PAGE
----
Although administration and CIA attorneys now endorsed “cruel, inhuman or degrading” detainee treatment as long as it happened abroad, considerable vagueness remained about how much torture was too much. Yoo successfully argued that abuse is only torture if the pain inflicted was equal to “organ failure, impairment of bodily function, or even death.” Jonathan Fredman, a CIA attorney, asserted that “if the detainee dies, you’re doing it wrong.” Plenty of detainees would indeed die, but we’re not quite there yet.

First came Guantánamo Bay, where men and boys captured during the early days of Bush’s anti-Islamist crusade, many of them sold for hefty bounties, were sent for interrogation. Bush called these people the “worst of the worst.” However, according to Col. Lawrence Wilkerson, who was chief of staff to Secretary of State Colin Powell, Bush, Vice President Dick Cheney and Defense Secretary Donald Rumsfeld all knew that the majority of GITMO detainees were innocent butrefused to release them, largely for political reasons.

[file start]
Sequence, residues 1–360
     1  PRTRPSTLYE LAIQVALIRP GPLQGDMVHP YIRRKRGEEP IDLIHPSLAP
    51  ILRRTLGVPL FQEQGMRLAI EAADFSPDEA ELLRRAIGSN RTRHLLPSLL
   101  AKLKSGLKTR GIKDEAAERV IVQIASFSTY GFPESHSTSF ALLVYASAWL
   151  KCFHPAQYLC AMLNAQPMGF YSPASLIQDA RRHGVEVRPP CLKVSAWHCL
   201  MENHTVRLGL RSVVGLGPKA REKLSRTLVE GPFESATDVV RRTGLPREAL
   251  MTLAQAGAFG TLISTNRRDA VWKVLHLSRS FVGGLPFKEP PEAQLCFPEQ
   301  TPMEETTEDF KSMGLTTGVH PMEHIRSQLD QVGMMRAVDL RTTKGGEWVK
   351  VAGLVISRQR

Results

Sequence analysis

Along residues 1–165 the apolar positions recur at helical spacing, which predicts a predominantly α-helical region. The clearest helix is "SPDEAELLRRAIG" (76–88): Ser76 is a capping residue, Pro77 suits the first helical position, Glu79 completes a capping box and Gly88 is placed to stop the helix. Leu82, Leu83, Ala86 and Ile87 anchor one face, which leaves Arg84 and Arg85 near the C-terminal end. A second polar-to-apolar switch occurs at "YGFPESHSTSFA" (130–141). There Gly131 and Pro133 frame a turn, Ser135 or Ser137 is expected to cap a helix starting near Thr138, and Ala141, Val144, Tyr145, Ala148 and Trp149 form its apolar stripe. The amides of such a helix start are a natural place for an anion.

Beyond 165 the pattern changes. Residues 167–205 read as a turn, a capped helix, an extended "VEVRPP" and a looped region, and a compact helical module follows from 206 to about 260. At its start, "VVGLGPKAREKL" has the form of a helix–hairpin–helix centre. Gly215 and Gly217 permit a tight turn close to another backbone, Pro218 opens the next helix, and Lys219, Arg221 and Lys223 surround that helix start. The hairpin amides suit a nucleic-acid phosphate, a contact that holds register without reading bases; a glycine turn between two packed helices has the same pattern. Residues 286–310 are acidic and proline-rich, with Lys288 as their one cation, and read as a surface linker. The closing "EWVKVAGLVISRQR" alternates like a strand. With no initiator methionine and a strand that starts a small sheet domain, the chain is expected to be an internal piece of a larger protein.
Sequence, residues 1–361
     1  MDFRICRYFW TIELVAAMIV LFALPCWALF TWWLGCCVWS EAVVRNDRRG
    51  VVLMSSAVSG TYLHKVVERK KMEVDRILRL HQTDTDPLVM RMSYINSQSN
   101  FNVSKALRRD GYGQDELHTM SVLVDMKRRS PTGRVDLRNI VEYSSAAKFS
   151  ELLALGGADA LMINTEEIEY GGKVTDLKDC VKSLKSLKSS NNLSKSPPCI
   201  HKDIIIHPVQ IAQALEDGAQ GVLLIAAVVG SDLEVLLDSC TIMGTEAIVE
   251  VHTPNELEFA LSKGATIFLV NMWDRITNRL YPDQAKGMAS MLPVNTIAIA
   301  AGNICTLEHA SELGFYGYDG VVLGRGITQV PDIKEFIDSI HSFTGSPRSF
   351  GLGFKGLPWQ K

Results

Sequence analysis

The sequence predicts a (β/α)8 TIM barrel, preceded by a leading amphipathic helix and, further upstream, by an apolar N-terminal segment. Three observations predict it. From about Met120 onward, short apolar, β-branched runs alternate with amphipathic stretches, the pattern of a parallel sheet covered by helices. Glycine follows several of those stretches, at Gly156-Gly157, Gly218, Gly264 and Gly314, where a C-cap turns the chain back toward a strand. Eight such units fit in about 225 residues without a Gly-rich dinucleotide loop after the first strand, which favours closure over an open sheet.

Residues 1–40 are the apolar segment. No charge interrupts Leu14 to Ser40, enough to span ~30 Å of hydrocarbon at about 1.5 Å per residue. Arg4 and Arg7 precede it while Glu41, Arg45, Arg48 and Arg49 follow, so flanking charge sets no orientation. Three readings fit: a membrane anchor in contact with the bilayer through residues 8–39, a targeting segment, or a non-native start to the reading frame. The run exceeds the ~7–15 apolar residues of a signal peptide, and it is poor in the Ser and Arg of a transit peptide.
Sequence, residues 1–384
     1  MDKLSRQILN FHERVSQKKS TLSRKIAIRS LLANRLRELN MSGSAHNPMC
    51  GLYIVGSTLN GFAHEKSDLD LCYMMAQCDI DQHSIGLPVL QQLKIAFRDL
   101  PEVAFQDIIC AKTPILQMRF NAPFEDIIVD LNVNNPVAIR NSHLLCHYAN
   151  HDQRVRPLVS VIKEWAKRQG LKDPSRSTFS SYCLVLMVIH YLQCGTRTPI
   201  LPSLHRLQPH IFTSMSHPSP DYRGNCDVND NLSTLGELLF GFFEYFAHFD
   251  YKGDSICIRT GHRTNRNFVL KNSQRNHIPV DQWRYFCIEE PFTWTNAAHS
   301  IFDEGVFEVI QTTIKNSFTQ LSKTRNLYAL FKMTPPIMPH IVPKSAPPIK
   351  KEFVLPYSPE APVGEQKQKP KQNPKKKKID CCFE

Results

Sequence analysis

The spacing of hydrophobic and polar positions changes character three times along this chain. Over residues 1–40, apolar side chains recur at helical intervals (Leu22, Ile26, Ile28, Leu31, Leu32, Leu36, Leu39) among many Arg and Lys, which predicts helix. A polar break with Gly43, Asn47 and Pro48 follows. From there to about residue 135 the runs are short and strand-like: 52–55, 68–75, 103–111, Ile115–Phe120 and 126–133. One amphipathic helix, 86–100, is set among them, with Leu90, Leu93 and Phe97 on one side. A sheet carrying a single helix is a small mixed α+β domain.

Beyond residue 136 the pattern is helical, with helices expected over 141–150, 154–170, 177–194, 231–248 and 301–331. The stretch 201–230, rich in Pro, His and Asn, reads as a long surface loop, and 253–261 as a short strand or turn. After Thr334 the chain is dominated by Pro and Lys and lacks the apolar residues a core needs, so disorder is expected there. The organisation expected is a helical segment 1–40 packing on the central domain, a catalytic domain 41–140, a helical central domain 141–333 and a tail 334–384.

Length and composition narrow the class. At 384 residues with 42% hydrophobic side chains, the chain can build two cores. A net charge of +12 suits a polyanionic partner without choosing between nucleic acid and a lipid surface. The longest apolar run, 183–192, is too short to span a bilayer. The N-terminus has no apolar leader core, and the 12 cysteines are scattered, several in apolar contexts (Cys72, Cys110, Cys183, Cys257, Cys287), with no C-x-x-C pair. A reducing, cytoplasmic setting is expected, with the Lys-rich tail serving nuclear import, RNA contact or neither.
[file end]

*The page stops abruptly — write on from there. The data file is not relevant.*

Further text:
Nonetheless, Guantánamo prisoners were subjected to tortures including severe beatings, interrupted drowning (better known as waterboarding), brutal sodomization, shackling in excruciating “stress positions,” prolonged sleep, sensory and dietary deprivation, solitary confinement, and exposure to extreme temperatures and maddeningly repetitive loud music. Medical professionals, including leading psychiatrists and psychologists, actively participated in, and even devised, these torture sessions and techniques.